October 11, 2010
Heritage Hall (Okla.) High's Sterling Shepard was a big part of the Chargers' 56-14 win over Newcastle (Okla.) High on Friday, scoring five touchdowns and playing a key part of a hook-and-ladder play which added a sixth. Still, it wasn't the points that were most impressive about Shepard's night, it was how he scored them on only six touches of the ball.
"That was crazy. I don't know what else to say about that first half," Shepard told The Oklahoman. "We knew this was going to be a tough game. This meant a lot in the district race."
According to The Okalahoman and OKBlitz.com, every single time Shepard touched the ball on Friday, Heritage Hall finished the play in the end zone. Considering that the versatile playmaker got in on the action as a wide receiver, running back, quarterback and defensive back in one half alone, it's undestandable that Newcastle was left feeling dizzy trying to find a way to slow Shepard down.
The Chargers already had a 7-0 lead from a 75-yard run by Barry Sanders Jr. when Shepard first got in on the action, getting his mitts on an interception of Newcastle quarterback Blake Woodard and returning it 40 yards to give Heritage Hall a 13-0 lead. On the Chargers' next possession, Shepard was part of a hook-and-ladder play that finished with a pitch from the junior to Shaun Tkach, who gave Heritage a three-touchdown edge. Moments later, Shepard returned a punt 62 yards for a touchdown, and before the first quarter was even over, the Chargers' star moved over to quarterback and took an option keeper 20 yards for yet another touchdown.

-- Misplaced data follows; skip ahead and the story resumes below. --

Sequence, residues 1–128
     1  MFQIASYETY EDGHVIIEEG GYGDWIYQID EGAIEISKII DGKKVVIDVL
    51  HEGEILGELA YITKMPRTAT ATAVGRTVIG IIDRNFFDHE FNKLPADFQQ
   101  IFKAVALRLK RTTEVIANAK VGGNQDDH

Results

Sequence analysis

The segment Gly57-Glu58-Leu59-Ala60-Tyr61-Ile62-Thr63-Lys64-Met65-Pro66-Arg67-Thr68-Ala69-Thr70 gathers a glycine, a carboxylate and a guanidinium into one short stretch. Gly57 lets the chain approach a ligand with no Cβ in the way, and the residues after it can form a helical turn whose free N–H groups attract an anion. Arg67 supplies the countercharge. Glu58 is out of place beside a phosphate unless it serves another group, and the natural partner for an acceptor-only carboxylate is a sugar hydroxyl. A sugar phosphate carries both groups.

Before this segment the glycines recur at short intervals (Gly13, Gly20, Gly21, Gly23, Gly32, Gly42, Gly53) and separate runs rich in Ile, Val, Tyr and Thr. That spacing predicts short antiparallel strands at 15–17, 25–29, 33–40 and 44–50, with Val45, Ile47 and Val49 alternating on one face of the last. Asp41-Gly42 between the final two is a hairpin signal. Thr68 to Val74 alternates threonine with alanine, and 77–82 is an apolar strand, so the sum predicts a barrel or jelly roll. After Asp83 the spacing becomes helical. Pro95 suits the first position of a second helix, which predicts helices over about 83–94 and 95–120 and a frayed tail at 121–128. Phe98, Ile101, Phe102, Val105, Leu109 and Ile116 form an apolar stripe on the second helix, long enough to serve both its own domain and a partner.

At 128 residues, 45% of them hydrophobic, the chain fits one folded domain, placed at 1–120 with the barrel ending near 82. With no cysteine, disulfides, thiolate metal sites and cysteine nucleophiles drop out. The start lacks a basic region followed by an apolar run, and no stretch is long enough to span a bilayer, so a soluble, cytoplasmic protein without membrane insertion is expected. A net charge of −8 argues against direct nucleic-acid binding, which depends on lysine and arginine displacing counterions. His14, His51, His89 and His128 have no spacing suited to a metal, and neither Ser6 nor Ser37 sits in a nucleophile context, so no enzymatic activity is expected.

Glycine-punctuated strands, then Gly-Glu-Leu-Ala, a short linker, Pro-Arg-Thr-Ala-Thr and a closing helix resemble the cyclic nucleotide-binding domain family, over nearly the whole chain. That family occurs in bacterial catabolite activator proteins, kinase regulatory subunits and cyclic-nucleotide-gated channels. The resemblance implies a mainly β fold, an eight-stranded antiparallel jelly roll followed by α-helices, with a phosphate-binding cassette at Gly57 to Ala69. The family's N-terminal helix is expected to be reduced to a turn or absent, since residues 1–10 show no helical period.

Shepard's stats only got more impressive from there, with the multi-positional threat scoring on a 64-yard run on his first touch of the second quarter and a 102-yard interception return with just 15 seconds remaining in the half. By mid-game, he'd touched the football six times, and Heritage Hall had scored on all six plays, with Shepard earning credit for the points five times himself.
"That might be the best first half we've ever played," Heritage Hall coach Andy Bogert said. "We said all week that we wanted to get on them early. And, well, we definitely did that."
That's all the action Shepard would see, with Bogert pulling both Shepard and Sanders Jr. at halftime to keep them out of injury's way. Sanders finished with an impressive 162 yards and two touchdowns on just six carries himself.
While Sanders Jr. may have the top pedigree on the team, Shepard isn't exactly the first in his family to play competitive football. Shepard's father is Derrick Shepard, a former NFL wide receiver for the Redskins, Saints and Cowboys who played collegiately at Oklahoma.
Derrick Shepard died in 1999 while serving as an assistant coach at the University of Wyoming, but if his son keeps racking up stats at his current pace, there's little question that the Shepard family's legacy will live on in NCAA football in the near future.